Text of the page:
But the rivalry had been running on fumes for some time. It was almost over once Ronaldo bade farewell to Real Madrid, before Messi too departed to PSG. The Spanish league still writhes in the vacuum, though both Madrid and Barcelona have moved on and rebuilt their teams and identities. The World Cup in Qatar re-stoked the flames of the old rivalry, but so much was happening around Ronaldo then that the narrative arc was Ronaldo versus the world rather than Ronaldo versus Messi.
Lionel Messi and Cristiano Ronaldo during a Champions League match (File)
They had vastly contrasting World Cups too, though both left the stage in tears; Ronaldo in the throes of agony and Messi in the clutch of delirium. But the reality of the departed rivalry struck when Ronaldo did not make the footballer of the year list for the first time in two decades.
For the best part of 16 years, they were imposed over the list. Messi has held the trophy seven times; Ronaldo five. Between 2008 and 2017, it was either Messi or Ronaldo. No one else came close on most occasions.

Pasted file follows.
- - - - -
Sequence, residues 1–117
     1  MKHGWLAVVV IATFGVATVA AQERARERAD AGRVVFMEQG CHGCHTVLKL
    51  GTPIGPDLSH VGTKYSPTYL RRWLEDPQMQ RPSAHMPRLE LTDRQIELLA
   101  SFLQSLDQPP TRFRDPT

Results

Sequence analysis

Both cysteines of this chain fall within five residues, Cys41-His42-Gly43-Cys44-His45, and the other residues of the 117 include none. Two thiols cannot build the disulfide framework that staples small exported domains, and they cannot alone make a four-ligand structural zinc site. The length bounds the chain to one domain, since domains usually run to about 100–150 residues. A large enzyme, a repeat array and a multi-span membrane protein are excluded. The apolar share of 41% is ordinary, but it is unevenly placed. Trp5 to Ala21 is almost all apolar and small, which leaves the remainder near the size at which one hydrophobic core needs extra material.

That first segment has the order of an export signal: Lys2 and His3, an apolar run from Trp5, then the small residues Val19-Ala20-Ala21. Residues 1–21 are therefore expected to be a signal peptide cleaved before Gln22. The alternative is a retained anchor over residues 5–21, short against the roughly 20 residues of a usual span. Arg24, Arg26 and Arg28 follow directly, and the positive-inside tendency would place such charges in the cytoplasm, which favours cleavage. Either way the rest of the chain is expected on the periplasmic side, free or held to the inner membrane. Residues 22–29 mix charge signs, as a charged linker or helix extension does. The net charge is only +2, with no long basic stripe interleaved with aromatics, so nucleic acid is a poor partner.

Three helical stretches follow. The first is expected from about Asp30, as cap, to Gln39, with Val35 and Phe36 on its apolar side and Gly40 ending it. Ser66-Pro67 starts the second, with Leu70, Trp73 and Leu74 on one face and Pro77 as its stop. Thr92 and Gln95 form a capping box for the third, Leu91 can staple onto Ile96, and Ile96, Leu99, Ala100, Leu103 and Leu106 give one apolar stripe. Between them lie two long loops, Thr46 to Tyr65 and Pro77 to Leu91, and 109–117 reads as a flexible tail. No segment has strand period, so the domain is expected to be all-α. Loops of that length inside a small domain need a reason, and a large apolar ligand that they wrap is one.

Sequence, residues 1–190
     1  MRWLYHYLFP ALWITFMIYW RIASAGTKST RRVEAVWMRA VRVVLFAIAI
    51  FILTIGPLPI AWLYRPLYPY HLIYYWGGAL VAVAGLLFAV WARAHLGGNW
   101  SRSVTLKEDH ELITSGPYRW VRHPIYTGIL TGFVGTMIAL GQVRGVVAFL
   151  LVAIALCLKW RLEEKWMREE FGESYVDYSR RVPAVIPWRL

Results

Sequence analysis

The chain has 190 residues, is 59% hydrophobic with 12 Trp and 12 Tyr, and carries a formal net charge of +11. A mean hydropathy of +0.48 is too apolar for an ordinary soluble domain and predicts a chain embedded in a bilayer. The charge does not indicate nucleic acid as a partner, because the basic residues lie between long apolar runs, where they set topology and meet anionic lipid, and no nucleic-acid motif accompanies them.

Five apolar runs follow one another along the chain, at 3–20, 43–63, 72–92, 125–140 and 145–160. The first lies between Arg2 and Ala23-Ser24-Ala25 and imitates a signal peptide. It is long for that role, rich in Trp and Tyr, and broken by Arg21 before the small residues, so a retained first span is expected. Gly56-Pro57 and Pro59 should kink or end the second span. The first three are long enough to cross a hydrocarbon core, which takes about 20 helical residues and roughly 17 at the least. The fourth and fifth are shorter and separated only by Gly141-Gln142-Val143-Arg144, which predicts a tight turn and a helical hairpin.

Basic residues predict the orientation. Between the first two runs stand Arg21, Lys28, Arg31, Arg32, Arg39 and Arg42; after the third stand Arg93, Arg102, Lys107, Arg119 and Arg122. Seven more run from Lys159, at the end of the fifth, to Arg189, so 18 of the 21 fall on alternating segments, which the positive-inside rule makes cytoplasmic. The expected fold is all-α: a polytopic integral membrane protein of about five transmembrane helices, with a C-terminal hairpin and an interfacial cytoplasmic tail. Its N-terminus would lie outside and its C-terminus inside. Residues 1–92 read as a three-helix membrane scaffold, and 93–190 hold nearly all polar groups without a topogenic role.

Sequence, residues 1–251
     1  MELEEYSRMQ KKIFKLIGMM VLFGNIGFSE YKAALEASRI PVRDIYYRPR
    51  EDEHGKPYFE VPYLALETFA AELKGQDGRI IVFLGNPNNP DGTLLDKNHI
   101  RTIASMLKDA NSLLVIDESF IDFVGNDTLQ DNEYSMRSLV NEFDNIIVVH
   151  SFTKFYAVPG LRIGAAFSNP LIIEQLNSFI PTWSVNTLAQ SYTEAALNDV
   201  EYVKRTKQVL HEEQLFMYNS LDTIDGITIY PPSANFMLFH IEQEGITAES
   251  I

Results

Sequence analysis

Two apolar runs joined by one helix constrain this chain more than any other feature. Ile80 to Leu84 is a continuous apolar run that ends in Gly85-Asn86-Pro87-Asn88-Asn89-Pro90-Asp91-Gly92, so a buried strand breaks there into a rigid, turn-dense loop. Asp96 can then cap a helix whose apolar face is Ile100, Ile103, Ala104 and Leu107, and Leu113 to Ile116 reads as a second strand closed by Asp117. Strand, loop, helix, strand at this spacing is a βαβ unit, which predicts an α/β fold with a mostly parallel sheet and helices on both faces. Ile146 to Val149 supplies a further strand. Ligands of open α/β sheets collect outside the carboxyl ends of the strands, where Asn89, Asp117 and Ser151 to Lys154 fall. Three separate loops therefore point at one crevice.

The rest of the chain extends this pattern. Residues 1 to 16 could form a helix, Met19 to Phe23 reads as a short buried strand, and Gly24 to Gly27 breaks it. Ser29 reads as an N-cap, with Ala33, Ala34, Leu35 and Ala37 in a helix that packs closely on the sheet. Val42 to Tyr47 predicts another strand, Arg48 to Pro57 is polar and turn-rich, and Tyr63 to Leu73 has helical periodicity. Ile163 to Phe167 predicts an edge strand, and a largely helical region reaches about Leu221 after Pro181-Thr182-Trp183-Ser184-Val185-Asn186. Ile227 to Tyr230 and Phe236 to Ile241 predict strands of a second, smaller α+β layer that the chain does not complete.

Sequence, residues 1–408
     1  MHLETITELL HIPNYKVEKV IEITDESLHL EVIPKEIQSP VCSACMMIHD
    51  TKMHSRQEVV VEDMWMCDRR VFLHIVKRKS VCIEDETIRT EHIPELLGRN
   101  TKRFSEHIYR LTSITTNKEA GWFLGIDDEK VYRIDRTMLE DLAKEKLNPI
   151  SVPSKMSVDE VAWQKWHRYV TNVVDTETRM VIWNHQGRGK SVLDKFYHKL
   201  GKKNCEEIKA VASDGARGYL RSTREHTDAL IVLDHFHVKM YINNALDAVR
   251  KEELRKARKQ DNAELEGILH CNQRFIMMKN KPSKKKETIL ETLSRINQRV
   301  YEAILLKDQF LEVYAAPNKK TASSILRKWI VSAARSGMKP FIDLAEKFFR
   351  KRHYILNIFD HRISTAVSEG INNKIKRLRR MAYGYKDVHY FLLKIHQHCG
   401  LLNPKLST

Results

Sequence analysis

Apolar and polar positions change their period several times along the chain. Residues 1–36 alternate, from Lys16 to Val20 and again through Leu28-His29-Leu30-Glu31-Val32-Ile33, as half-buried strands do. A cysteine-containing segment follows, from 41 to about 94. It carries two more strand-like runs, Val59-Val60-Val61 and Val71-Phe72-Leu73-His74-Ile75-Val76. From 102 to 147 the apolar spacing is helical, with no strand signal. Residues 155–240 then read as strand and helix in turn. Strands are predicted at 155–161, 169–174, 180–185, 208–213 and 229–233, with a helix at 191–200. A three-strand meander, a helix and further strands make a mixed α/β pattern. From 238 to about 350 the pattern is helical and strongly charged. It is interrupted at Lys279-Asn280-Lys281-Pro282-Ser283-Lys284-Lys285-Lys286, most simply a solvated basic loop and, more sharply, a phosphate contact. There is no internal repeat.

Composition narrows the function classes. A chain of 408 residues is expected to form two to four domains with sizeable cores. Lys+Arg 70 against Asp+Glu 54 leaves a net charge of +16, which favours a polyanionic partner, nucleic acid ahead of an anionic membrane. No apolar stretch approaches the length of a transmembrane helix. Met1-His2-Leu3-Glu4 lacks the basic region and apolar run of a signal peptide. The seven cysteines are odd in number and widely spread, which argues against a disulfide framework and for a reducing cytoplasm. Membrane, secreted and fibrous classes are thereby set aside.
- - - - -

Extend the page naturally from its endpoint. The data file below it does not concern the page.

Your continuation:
Their rivalry glamourised the awards night, besides turning the award into a proxy measure of greatness. Before Messi and Ronaldo, the award, running since 1956, and the build-up to the night, was less hyped and ornate. Pundits would dissect and deconstruct the verdict, fans would mourn the rage. Pascal Ferre, the editor of France Football Magazine, that shortlists the players, once said: “Ronaldo has only one ambition, and that is to retire with more Ballons d’Or than Messi. And I know that because he has told me.”
Ronaldo would later accuse Ferre of lying. “Ferré lied, he used my name to promote himself and to promote the publication he works for,” he said.
Such incidents all embellished the theatre of the night, the suspense that bubbles to the moment when the best player in the world, according to the polls from former players and journalists, is unveiled to the world. It was not pure chance that the players always produced incredible results in the months leading up to the ceremony, Ferre claimed. “I think that if you looked at the statistics of Messi and Ronaldo, you would see they always score a lot of goals in September and October, when the voting is happening. That is not a coincidence,” he told The New York Times.